“What they’re doing here is, like anything else, they’re trying to build a resume," he says. "They’re trying to build their case that -- why other people should hire them.”
So they can win August.
Talks over a major telecoms deal are on again.
The British cell phone giant Vodaphone has resumed negotiations over its stake in America’s biggest mobile operator, Verizon Wireless.
Verizon has been chafing to buy Vodaphone’s 45 percent stake for years. The U.S. company wants the freedom to expand its network, make new acquisitions, and run its business without constantly deferring to a large, secondary partner.
In the past, the stumbling block has been the price. Verizon has offered around $100 billion for the stake, while Vodaphone has insisted on much more since its Verizon shares have provided a large and reliable stream of revenue.
Suddenly, the two sides seem ready to do a deal. Verizon would need to borrow tens of billions of dollars to finance the purchase, and the pressure is on the company to borrow that money now before interest rates rise further.
And selling now may seem sensible to Vodaphone. Chris Green, an analyst with the consulting firm the Davies Murphy Group, says Vodaphone may be worried about the long term value of its investment in America’s mobile market.
“There’s uncertainty over the future of mobile phone network revenues in the U.S., as competition and consolidation increase in the marketplace,” says Green.
That competition is already taking its toll. Verizon's share price has fallen 14 percent since April.
You may have to wait longer for your Egg McMuffin or iced coffee this morning. Thousands of fast-food workers in about 35 cities are planning to strike, as their call for higher pay, which started in New York last fall, goes nationwide.
Workers at McDonald’s, Popeye’s, Taco Bell and other fast-food chains are demanding $15 an hour -- twice as much as many now earn.
"The strike among fast food workers is a very strange type of strike," says Gary Chaison, a professor of labor relations at Clark University.
He says that's because it cuts across many companies and employers, meaning the franchisees who own the bulk of fast-food restaurants. The strike is being bankrolled by the Service Employees International Union, or SEIU, at the cost of millions of dollars. SEIU President Mary Kay Henry says even though the workers aren't dues-paying members, supporting them is a good investment for the union.
"These workers need to make a living wage," she says. "At the SEIU, we believe in improving conditions for all workers."
"This is a very smart idea for the unions," agrees Harley Shaiken, a labor professor at the University of California, Berkeley. "Unions are going back to their roots. They’re speaking for the dispossessed, the most vulnerable."
Shaiken says that idealism is great for the union’s image. But will the strikes work for the workers? Chaison doesn’t think so.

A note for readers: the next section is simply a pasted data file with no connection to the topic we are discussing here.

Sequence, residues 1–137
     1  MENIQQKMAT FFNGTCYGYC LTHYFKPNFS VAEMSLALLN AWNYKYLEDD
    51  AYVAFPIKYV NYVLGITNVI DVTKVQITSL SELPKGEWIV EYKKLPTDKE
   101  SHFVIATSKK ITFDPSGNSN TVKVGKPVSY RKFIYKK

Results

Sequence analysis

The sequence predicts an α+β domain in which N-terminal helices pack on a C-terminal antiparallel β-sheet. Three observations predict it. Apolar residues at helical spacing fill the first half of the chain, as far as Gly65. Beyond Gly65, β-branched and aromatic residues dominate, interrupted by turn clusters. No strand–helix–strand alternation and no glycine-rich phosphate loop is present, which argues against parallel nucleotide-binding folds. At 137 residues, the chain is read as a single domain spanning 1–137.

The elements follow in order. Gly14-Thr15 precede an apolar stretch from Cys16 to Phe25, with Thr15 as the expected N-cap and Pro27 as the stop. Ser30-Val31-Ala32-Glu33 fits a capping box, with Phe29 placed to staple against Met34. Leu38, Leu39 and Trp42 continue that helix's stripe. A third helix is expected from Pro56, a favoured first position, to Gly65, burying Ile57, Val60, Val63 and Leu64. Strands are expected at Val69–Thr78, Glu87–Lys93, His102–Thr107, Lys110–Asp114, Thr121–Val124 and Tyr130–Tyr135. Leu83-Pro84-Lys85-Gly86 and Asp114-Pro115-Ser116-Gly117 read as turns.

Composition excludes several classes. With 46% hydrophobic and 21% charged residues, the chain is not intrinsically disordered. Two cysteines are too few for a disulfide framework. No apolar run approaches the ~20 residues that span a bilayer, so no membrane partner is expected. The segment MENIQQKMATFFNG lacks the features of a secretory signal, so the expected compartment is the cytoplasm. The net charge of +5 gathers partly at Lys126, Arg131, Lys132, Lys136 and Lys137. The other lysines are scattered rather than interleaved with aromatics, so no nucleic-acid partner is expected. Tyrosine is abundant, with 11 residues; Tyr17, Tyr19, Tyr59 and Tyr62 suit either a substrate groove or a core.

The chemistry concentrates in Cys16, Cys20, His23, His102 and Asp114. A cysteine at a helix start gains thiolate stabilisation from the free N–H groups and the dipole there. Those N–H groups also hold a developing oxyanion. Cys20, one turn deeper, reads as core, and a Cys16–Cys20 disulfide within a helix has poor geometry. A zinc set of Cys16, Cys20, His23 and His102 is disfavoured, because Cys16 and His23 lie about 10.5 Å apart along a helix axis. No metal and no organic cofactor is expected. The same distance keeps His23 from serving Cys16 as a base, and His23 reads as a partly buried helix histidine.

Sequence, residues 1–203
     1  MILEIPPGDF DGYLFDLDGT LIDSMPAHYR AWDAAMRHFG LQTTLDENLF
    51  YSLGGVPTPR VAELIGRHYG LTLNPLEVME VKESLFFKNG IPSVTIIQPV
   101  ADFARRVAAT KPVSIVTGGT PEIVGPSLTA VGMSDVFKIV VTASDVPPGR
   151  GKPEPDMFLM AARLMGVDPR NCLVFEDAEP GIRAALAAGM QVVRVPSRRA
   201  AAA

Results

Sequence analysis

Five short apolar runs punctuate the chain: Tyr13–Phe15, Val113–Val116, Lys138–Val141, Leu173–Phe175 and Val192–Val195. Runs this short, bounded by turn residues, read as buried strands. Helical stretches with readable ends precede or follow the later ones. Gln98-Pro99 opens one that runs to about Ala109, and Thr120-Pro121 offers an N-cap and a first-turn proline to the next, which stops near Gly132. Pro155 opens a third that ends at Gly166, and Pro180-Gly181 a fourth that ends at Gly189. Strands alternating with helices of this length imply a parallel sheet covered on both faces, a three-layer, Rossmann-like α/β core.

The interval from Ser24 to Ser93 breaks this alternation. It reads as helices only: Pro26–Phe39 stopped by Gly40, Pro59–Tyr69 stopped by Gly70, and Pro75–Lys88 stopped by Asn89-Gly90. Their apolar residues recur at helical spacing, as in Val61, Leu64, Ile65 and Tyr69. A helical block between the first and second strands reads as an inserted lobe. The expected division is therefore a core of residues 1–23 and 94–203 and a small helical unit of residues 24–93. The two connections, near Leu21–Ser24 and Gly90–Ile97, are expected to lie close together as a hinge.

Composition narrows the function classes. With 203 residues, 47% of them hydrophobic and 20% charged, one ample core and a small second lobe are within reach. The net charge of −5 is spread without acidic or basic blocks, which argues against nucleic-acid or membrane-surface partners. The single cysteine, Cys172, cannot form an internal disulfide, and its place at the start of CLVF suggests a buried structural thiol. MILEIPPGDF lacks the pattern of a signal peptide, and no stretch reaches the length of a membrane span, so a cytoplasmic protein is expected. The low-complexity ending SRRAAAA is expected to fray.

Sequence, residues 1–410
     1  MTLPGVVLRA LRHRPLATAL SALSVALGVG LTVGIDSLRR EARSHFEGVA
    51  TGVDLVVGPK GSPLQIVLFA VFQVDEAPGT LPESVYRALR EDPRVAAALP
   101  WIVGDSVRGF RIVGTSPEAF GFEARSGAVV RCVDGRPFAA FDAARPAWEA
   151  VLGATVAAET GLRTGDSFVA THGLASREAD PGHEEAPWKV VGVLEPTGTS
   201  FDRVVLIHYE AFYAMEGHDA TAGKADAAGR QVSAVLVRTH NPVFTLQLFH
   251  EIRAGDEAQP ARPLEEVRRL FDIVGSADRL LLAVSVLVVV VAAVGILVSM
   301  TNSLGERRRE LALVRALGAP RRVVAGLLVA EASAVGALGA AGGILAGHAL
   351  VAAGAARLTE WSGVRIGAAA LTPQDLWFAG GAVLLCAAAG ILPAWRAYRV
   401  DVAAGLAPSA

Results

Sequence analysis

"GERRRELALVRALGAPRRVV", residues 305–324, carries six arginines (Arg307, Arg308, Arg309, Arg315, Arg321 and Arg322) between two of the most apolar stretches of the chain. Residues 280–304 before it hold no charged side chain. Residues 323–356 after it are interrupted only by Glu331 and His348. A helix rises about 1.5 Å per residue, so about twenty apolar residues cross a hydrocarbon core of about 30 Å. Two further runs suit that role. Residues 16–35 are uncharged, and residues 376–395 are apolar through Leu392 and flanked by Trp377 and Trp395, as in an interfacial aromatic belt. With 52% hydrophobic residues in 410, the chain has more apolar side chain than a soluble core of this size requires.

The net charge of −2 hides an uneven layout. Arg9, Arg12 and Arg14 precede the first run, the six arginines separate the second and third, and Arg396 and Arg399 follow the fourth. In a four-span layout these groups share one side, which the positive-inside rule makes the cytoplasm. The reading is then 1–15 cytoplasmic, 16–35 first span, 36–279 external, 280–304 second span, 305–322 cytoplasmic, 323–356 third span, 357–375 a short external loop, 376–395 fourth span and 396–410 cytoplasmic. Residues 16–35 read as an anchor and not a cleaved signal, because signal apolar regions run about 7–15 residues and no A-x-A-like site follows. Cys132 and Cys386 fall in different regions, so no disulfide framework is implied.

"The times may not be right for increasing wages, particularly if it’s seen as possibly jeopardizing jobs," he says.
Workers risk being fired if they walk off the job during a shift, so many join the picket line on their day off. Though the protests have gained momentum and scope, just a tiny fraction of fast-food workers is taking part.
The National Football League has agreed to pay $765 million to settle a lawsuit with over 4,000 former players over head injuries.
Dan Kaplan, NFL writer for the Sports Business Journal, says that even though most league watchers expected a larger settlement, this is still good news for many who were suffering from debilitating head injuries and will now be able to get the care they need instead of having to wait for litigation to be completed.
"Most of it -- $675 million -- will be direct benefits to the players and the families of players," says Kaplan. "This is the good news."
Kaplan says that if you factor in payments from insurance, this won't be a huge blow to the NFL. But in terms of a blow to the NFL's public relations, that's another story.
Many fans may be upset with the arrangements of the settlement. However Kaplan says based on some recent press conferences, that might be changing.
"You could already start to see that storyline changing from the NFL did this to these guys and won't give them a penny," says Kaplan. "To now, they're happy together."
A recent study out from the National Institute on Reitrement Security has some unnerving statistics for the future of this country. Statistics show too many people won't have nearly enough saved when they retire, and it's something the slow economic recovery isn't fixing on its own.
Only 42 percent of private sector workers between the ages 25 and 64 have any retirement coverage in their current job. That means roughly 38 million workers in the U.S. do not have any retirement account savings at all.
"To me, that spells worry," says Marketplace's economics guy Chris Farrell. "We've created tax incentives to get people to participate in their 401(k), we've reduced the number of options in a 401(k), realizing that too much choice was overwhelming... Despite all of this, we still don't have enough people saving enough money for their retirement."
So what should we do? Farrell advocates using a "toxic word in Washington, DC: mandatory savings."
Farrell says countries like the U.K., Australia, and Israel already have mandatory savings plans for moderate income workers. In Australia, an employer has to set aside 9 percent of an employee's earnings currently, and will soon have to set aside 12 percent. Employees can choose to put more money in the mandatory savings plan, and often do at around 3 percent.
In this country, "the policy elite is starting to talk about mandatory savings," says Farrell. "You don't like the word 'mandatory,' you've got to come up with something better. The existing system is not working."
The idea of controlling objects -- even other humans -- with only your brain is a Holy Grail of tech innovation. And what researchers did at the University of Washington this month sounds pretty amazing. Using non-invasive technology to record and stimulate brain function, a researcher at one end of campus controlled the physical actions of someone at the other end of campus. Researcher Rajesh Rao was the mind controller in this experiment, and tells Marketplace Tech host Ben Johnson how he did it and what his findings means for the future.